I know I know it's been awhile, but I figured it's time to come out of hibernation and jump start my creative juices.
Above is an article found in today's edition of the Atlanta Journal Constitution. It asks the question, "What is a Thug?" To give you some background, Michael Vick has been catching serious hell about the marijuana in the water bottle incident, which the Miami police claim there was none of, which I don't believe for one second, but that may be the problem. Anyway, radio personalities, callers, and bloggers have been blasting him, calling him a Thug like there's no tomorrow, although Vick has no record and has not been arrested of anything. The article references one talk show host blasting him on his outward appearance off the field saying he wears baggy pants and stuff like that, which I think is just a moronic statement.
So this begs the question, has the word thug come to besically be used to describe young black males that have the hip hop identity and maybe get in trouble? One person in the article said that it's not fair that when a white person gets in trouble, they've made a mistake, but when a black person does, they're a thug. That's very true. Case in point, the Duke lacross team mess.
I do believe the word thug has become synonimous with black hip hop culture, especially when someone black gets in trouble. I'm guilty of labeling people thugs, especially when I see black youth walking down the street with their pants hanging down by their ankles, holding their crotches, shuffling like prisoners in a chain gang. That bothers me a lot actually, but that's a different story. Young folks shouldn't be labeled as thugs just because of their style of dress. I'm sure there are some truly good, smart folks that like to dress with a little sag in their pants and listen to rap music. They're not thugs, but they're perceived to be. I think we're all lumped into the thug category if we dress a certain way, no matter what we do or what type of education we have.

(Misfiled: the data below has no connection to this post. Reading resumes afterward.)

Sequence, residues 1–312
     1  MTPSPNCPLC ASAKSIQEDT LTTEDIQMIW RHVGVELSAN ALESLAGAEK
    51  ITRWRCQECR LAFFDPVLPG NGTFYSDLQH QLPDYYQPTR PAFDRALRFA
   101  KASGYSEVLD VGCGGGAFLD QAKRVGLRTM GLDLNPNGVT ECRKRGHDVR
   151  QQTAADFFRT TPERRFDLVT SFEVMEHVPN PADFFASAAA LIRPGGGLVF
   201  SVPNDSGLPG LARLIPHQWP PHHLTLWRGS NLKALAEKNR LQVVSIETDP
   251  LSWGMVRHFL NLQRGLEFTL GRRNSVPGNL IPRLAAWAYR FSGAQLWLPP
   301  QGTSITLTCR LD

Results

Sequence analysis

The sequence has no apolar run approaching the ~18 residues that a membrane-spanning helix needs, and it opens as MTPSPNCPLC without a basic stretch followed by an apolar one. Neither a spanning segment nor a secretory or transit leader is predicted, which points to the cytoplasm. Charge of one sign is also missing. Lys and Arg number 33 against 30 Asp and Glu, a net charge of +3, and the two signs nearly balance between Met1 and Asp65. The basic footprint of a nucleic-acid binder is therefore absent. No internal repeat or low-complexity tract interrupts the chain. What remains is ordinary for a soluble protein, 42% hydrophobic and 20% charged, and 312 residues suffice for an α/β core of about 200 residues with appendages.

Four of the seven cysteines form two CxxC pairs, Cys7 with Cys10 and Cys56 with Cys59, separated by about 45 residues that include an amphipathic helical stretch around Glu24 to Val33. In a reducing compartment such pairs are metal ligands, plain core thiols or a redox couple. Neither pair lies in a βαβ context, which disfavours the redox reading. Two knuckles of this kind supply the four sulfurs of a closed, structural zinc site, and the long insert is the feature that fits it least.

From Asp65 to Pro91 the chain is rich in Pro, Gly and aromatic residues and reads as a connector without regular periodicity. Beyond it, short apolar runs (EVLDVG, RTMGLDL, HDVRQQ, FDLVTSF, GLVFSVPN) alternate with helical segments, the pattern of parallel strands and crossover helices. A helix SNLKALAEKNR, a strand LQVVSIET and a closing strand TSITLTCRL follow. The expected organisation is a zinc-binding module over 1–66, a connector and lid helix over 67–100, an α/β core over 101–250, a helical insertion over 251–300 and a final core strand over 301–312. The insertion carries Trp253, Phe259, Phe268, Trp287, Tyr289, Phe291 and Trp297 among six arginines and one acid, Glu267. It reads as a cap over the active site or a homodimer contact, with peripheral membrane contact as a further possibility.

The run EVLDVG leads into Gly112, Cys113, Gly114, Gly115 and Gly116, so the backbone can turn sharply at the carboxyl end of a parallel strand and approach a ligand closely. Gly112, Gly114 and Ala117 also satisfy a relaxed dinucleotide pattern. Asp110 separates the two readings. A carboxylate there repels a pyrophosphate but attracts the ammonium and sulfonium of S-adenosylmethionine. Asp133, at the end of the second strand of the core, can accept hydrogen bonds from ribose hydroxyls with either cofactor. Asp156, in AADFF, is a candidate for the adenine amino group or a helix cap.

However, I do think the hip hop culture is at fault for this too. The glorification of being a thug has lead to this. Tupac's image, Biggie's image, 50 Cent being shot, the culture is about thuggism. It's glorified 30-40's mob mentality, just with black people. Everyone's looking for respect and will do whatever vile acts necessary to get it. Hiphop is filled with wannabe thugs, so it shouldn't surprise everyone when folks start associating hip hop styles with thuggery.
That being said, it's still not fair to the person being called a thug. Is Michael Vick a thug? I don't know. Can his actions and demeaner portray him as a thug? Probably so. But why wasn't Bill Romanowski a thug for spitting in player's faces or using Roids? Why isn't Rush Limbaugh a thug for beinga pill popper and carrying someone else's medication (that's illegal)? Farve's a pill popper. How often do we hear K-Fed being called a thug. Or is he called a wannabe thug, which goes to the heart that the word is associated with black hip hop culture.
Being a thug vs making a mistake. What's your take?